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      Survey, laboratory and statistical methods for the BSAC Resistance Surveillance Programmes.

      Journal of Antimicrobial Chemotherapy

      pharmacology, Bacteria, classification, drug effects, isolation & purification, Bacterial Infections, microbiology, Bacteriological Techniques, methods, standards, Sentinel Surveillance, Data Interpretation, Statistical, Drug Resistance, Bacterial, Great Britain, Humans, Ireland, Microbial Sensitivity Tests, Reproducibility of Results, Anti-Bacterial Agents

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          Abstract

          The British Society for Antimicrobial Chemotherapy (BSAC) Bacteraemia and Respiratory Resistance Surveillance Programmes are designed for long-term surveillance of antimicrobial resistance in key pathogens of bloodstream and community-acquired respiratory infection in the UK and Ireland. This paper describes their methods in detail. Sentinel laboratories across the UK and Ireland contributed up to a fixed quota of isolates of defined bacterial groups. Collecting laboratories were compared with national benchmarks for size of Hospital Trust and distribution of bacteraemia pathogens. A central laboratory for each programme confirmed the identification of isolates, measured MICs by the BSAC agar dilution method and undertook further testing by standard methods. The variability of the MIC method was assessed by repeated annual testing of a panel of control isolates. Classification as susceptible, intermediate or resistant was by BSAC and European Committee on Antimicrobial Susceptibility Testing breakpoints. Statistical analysis was adjusted for inter-centre variation using random effects logistic regression. Thirty-two laboratories contributed 16 550 respiratory isolates from 1999-2000 to 2006-07; 30 laboratories contributed 15 812 bacteraemia isolates from 2001 to 2006. Although large and teaching hospitals were over-represented, the pattern of bacteraemia organisms seen in the collecting laboratories in England and Wales was similar to that in national data reported to the Health Protection Agency. Replicate MIC measurements showed that >/=90% agreed within +/-1, and >/=98% within +/-2, doubling dilutions. These surveillance programmes have provided reliable information on antimicrobial susceptibility in the UK and Ireland over six and eight seasons, respectively, so far. Detailed results showing non-susceptibility trends, and relationships with potential predictive factors, are presented in six linked papers in this Supplement.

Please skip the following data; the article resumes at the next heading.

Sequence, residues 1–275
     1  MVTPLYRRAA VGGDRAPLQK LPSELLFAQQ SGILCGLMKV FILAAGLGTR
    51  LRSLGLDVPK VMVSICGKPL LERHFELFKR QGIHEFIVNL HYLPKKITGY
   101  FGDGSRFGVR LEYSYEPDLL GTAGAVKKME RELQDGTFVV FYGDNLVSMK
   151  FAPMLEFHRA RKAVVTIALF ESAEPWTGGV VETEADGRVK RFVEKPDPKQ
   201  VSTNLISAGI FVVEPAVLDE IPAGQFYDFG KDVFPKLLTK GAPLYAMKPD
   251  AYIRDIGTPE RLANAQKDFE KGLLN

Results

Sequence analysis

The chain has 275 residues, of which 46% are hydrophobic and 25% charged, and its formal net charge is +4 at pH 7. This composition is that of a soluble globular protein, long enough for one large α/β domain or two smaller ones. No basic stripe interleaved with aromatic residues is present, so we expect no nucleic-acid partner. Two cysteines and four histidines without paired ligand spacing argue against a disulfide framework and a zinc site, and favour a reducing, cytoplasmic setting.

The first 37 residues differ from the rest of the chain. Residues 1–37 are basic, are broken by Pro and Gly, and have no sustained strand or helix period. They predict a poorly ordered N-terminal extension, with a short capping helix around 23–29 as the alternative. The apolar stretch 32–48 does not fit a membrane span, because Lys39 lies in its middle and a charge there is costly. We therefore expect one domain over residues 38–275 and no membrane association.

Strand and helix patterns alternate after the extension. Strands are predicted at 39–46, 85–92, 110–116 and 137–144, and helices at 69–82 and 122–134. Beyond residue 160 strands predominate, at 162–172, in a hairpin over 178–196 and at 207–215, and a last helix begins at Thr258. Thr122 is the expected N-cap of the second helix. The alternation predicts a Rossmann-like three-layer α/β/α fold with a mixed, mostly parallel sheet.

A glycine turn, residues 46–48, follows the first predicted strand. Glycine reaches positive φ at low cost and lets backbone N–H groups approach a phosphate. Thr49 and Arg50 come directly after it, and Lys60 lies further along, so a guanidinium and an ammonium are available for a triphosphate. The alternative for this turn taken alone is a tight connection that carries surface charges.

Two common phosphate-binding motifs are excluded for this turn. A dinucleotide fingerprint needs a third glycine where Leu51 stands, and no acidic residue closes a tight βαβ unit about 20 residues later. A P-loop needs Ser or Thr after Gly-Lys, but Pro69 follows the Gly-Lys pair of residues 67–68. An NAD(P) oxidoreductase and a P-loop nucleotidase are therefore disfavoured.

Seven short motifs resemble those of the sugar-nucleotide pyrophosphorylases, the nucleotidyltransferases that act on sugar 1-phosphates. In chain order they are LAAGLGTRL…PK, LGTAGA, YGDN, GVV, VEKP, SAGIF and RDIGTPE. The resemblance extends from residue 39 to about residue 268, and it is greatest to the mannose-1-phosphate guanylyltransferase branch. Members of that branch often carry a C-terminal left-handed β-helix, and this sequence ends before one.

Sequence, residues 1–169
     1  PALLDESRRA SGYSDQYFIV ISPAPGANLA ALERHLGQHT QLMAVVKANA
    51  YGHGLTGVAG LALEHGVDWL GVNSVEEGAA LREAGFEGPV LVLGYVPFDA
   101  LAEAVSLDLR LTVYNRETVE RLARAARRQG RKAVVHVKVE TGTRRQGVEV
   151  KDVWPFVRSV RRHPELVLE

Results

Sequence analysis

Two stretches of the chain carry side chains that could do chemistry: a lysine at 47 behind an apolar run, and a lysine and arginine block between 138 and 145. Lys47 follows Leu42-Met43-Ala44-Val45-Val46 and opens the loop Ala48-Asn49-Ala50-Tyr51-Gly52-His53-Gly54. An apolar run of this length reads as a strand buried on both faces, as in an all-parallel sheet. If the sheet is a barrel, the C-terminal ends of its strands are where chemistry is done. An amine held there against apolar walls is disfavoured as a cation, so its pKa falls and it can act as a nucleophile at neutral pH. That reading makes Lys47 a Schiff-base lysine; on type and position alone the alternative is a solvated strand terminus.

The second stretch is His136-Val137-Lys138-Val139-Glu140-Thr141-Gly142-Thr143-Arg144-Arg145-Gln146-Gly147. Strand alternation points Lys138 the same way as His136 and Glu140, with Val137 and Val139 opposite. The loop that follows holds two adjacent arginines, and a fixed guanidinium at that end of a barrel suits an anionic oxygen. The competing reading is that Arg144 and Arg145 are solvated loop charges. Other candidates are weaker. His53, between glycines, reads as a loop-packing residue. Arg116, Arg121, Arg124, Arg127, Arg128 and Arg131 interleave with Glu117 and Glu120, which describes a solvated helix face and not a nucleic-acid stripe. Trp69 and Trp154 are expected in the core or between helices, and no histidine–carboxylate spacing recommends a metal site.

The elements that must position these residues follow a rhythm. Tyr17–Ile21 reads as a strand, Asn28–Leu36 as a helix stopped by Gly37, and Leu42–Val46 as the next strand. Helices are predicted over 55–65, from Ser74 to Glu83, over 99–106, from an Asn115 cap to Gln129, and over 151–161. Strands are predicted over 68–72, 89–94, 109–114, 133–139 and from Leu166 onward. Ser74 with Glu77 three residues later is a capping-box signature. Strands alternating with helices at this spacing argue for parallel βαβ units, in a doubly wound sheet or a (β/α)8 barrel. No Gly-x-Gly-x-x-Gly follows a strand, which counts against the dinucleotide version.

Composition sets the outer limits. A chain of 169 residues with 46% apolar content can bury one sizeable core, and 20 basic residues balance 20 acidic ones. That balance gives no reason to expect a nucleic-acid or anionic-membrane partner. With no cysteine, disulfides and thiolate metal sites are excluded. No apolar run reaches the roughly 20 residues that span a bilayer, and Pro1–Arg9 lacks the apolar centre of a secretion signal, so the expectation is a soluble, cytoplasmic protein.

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          Journal
          18819976
          10.1093/jac/dkn349

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